From Dance to Building Peace

Written by Silimanotham Halsana (Sili)


Sili.jpgI attended school at Donkoi primary school, which is near my house. When I was very little I was interested in Lao classical dance from watching television. I was inspired by my older brother who studied Lao traditional music and my father who worked at National Dance and Music school in Lao P.D.R. However, I did not have an opportunity to practice a lot until I finished grade school.

In primary school, I went to “Donkoi Children’s Development Center (DCDC)” to play with other children, I listened to Lao traditional music and I started showing other children how to dance the Lao classical dance. Mr Khamvanh was a leader in the Donkoi village, and he took an interest in the children. He wanted to build up their skills, creativity, talents and knowledge outside of the classroom. Since then, Mr. Khamvanh has gone on to become the Chief of Donkoi Village, but he will always be remembered for his love and care for the children of Donkoi.

Xuyen_Dangers.jpgDonkoi Children Development Center (DCDC) was founded by a social worker, Mme Xuyen Dangers, as a pilot project for after school activities for a public primary school. DCDC’s philosophy is to provide children opportunities and empowerment through traditional games and activities such as farming, gardening, carpentry, weaving, and basket making. The goals are to prevent children from dropping out of school, taking drugs, delinquency, and becoming victims of trafficking. The focus is on developing children’s potential, interests, talents, responsibilities and leadership skills. In advocating for the children, DCDC pays attention to the poorest and most disadvantaged.

The biggest worldwide challenge today is conflicts between nations and the resulting phenomenon of refugees and displacement. These conflicts are related to religion, ideology, and geopolitics. These conflicts are also impacting the people of Laos. Our present social problems include religious conflicts, even individually initiated conflicts, family conflicts, usually resulting in a lot of violence as street children, drug abuses, HIV/AID, and human trafficking.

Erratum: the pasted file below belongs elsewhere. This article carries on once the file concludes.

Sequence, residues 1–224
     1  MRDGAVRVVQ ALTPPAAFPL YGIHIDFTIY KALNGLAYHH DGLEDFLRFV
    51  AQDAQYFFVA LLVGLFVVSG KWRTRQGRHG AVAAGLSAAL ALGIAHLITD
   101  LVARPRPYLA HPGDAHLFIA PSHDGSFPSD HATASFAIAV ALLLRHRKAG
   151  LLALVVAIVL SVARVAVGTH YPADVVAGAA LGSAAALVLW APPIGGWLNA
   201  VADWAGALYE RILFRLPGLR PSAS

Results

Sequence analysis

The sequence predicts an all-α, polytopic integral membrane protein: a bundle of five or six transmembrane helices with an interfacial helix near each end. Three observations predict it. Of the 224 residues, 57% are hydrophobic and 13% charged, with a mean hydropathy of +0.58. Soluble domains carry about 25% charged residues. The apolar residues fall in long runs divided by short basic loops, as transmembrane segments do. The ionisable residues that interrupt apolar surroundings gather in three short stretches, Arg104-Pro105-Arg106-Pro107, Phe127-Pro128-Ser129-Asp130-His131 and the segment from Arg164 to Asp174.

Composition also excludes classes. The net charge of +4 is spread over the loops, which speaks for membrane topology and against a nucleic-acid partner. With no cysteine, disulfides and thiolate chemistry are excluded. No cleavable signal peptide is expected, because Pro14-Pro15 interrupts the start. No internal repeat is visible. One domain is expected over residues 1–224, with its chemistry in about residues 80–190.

Conflicts today cause more problems in society as cold wars, civil wars, family conflicts, community conflicts, union conflicts, human trafficking, homelessness, street children, disabilities, physical and mental health problems, drug abuse, adolescent pregnancy, poverty and child abuse.

In addition, developed countries have the power to control developing and underdeveloped countries because of materialism, interests in the natural resources – to include water, electricity and income. Social change and globalization affect human development. These ongoing fights result in the loss of the ability to have peace, happiness and build good relationships with one another.

I know that people are all different from one another. However, if we can learn from each other and gather together to achieve our vision and mission, we will learn more from each other while using our own personal and unique gifts and skills. Conflict is natural in humanity, but when we recognize what creates conflict and find strategies for harmony and understanding, conflict, violence, and harm would decrease. Peace is actually at the heart of human nature in dealing with relationships among each other. Peace has to increase justice because without justice there is no peace. People want to have peace so that violence can be reduced.
When I was a child, the DCDC helped me build my confidence. Today, as the project coordinator at DCDC, we are helping our participants develop a love for the peace process and work to achieve it, first here and then worldwide.


Story adapted from a 2018 report submitted to the Southern Asia Office (Global Ministries) for funds provided by One Great Hour of Sharing.

Categories: OGHS Stories

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